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Mortgage holiday needed by more than 2 million Brits

19 December 2008 / by Rebecca Sargent
Two million Brits are considering taking a mortgage payment holiday as they struggle to cope financially, research from has revealed.

And, according to the research, a mortgage payment holiday could push home owners' monthly repayments up by £53million and push the total interest they pay up by £7.2billion.

The news comes despite a recent promise by the Government to defer interest payments on mortgages for up to two years. As 729,054 people fear redundancy they are taking matters into their own hands by considering a mortgage payment holiday.

However, warns that a twelve month payment holiday could put thousands of Brits into negative equity. Furthermore, 1.4 million consumers wrongly assume that interest will be frozen during the holiday, which is potentially putting them in a dangerous financial position.

In total, seven per cent of mortgage holders in the UK have already taken a mortgage payment holiday and a further two per cent are in the process of applying for one.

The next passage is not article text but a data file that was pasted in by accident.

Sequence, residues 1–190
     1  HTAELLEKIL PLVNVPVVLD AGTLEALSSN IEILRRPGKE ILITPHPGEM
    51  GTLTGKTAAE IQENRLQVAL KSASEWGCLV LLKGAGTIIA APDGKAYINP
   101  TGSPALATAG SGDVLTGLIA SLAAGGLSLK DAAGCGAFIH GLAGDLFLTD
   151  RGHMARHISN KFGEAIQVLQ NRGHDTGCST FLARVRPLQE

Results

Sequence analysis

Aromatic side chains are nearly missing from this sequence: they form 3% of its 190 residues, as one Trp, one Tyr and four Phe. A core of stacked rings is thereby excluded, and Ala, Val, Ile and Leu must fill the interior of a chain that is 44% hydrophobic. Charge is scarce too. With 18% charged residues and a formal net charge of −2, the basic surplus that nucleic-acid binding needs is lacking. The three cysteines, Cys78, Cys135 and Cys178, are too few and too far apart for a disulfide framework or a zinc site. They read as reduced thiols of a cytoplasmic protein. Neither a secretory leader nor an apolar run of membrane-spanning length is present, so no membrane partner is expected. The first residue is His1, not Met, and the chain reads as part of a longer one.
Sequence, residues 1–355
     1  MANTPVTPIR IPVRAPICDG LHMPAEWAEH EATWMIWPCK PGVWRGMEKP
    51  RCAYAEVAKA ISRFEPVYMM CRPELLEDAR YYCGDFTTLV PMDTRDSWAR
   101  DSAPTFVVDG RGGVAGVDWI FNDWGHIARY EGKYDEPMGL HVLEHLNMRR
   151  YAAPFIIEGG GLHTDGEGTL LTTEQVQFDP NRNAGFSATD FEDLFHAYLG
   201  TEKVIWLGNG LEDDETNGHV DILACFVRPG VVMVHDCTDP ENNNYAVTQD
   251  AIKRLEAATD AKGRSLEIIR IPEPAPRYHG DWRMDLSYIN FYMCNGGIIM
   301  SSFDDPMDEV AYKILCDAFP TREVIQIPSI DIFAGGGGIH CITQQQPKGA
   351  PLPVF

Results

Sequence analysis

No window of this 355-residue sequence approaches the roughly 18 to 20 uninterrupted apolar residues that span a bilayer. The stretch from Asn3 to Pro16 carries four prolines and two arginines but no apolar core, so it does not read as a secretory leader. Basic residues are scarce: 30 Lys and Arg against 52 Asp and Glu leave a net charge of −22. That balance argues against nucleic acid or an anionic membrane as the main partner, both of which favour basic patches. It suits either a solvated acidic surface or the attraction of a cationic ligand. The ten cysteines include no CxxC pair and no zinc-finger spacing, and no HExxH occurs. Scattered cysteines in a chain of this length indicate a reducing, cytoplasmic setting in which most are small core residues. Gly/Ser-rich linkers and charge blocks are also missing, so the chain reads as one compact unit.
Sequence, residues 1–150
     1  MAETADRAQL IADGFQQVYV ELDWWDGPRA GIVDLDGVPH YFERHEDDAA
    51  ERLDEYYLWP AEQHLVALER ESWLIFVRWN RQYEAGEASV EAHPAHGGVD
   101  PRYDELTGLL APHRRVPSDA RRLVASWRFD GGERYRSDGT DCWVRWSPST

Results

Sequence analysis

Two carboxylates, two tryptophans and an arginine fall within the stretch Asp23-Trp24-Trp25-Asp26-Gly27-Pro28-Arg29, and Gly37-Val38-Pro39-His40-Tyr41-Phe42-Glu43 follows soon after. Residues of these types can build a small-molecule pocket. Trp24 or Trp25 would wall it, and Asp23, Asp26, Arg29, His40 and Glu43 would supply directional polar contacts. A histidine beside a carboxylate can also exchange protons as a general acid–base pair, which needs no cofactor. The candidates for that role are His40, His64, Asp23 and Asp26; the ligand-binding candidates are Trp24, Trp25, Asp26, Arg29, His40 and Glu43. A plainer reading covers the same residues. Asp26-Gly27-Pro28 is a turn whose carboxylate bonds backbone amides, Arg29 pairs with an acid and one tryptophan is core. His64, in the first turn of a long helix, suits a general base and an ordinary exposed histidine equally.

Commenting, Louise Bond, personal finance manager at, said: "A holiday will not make the underlying financial issues disappear. In fact, both the repayments and the debt will actually go up after the holiday and, if anything, it could actually make the problem worse.

"These holidays are simply an agreed deferment but it is by no means a 'freebie' and the interest and the repayments still have to be made at some point."

Commenting on recent moves by lenders Nationwide Building Society and Halifax to protect consumers from pricey mortgage payment holidays, Ms Bond added:

"This is something every mortgage provider should now be addressing to ensure people do not end up in a worse financial situation after the holiday.

"With house prices expected to fall further in the next 12 months, this could just push homeowners over the edge into negative equity making it really difficult to remortgage."

© Fair Investment Company Ltd